24 Aug 05. The Wall Street Journal reported that as Lockheed Martin Corp. scrambles to salvage its multibillion-dollar contract for Army spy planes, documents and people familiar with its bid suggest the defense giant was uncertain about the viability of its proposal before it secured the contract a year ago.
Lockheed beat out Northrop Grumman Corp. for the spy-plane contract in August 2004, laying claim to a program that ultimately could be valued at as much as $7 billion. But in recent weeks Lockheed and the Army have said the plane that was part of the winning bid — a jet made by Brazil’s Empresa Brasileira de Aeronautica SA, known as Embraer — is too small for the electronic sensors and personnel the Army wants for its spy missions.
Now, Lockheed confirms sending letters to at least three plane makers in May 2004 seeking performance and cost information about alternative airframes. The letters were sent after Lockheed had publicly announced its alliance with Embraer on the project but before the final Army deadline for bids.
The letters, received by Boeing Co., General Dynamics Corp. and Bombardier Inc., asked for a wealth of technical information, such as payload and flight range, as well as the purchase price. Lockheed attached spreadsheets so that the plane makers could calculate projected maintenance and life-cycle costs over 25 years. It requested responses within three days.
Two people involved in the re-evaluation said Lockheed managers on the spy-plane project were considering alternative planes because of concerns that the Embraer model couldn’t support the weight of equipment and crew members desired by the military. One of these people said a Lockheed manager told him the company ultimately decided it was too late in the bid preparations to switch such a central component, but that Lockheed would consider options if it won the contract.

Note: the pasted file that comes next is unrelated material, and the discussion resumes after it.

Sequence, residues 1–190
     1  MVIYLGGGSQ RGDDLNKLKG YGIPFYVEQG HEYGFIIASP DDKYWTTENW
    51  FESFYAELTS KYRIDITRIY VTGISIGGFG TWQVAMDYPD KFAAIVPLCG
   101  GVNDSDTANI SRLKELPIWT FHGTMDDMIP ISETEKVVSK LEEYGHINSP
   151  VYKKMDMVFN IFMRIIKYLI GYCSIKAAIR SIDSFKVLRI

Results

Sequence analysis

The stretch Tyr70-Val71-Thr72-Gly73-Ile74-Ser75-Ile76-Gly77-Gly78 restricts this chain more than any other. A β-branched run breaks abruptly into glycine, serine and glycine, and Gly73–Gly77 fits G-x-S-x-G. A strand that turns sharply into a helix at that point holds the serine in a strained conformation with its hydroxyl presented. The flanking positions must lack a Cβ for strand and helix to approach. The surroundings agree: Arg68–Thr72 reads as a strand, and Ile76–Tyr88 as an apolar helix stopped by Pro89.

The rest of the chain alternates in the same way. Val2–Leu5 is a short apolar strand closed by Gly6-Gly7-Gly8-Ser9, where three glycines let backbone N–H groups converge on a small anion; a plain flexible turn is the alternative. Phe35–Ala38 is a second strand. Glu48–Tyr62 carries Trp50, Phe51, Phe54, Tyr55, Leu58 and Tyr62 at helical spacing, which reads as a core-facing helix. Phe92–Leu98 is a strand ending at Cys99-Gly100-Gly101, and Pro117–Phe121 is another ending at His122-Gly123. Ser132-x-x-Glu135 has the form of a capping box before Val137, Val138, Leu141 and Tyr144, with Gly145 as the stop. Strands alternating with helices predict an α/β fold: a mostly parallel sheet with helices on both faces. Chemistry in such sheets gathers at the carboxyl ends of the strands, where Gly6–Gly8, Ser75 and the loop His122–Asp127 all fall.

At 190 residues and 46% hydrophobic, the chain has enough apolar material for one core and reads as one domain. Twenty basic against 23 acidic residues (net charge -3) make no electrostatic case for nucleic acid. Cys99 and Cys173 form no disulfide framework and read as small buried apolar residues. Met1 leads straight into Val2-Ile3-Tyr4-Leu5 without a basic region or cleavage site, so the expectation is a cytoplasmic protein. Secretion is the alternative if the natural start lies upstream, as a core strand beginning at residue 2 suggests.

Lockheed confirmed it sent the letters but said there was nothing unusual about such a move. Marshall Keith, who is now vice president for the spy-plane program but was not at the time of the bid, said Lockheed was adjusting its bid to meet the Army’s latest configuration preferences. In a two-track process, Lockheed considered alternative aircraft at the 11th hour, he said, but also worked with Embraer on modifications to accommodate the extra weight. Its team concluded that several “low-risk changes,” such as extending the wing and increasing engine power, would do the trick. Lockheed decided to stick with Embraer, and when the company submitted its bid weeks later, Mr. Keith said, it had no doubts “at all” that the proposal could fulfill the Army’s mission. With the plane now deemed unworkable, Lockheed, based in Bethesda, Md., is proposing to switch to a much larger Embraer model — without reopening the program to bidding. The Army is expected to choose a new aircraft soon, a major change that is bound to add costs and cause delays in a program whose initial development outlay totals $879 million. Both the Army and Lockheed say the weight problems with the original aircraft emerged only after the contract was awarded.
The Army could approve Lockheed’s latest proposal to use a larger Embraer plane, select another airframe or reopen the contract. The last option could subject the government to hefty termination costs and long delays. Citing the sensitivity of the program’s review process, the Army declined to comment.
Randy Belote, a spokesman for Northrop, said the company is reserving the right to protest Lockheed’s contract if a new plane is selected without reopened bidding. “We would explore our options regarding a protest if a significant program change is adopted,” he says.
The spy-plane program’s woes come as the Pentagon studies ways to reduce a plague of cost overruns and delays. Problems often stem from the military services changing their weapons programs midstream, but contractors also can be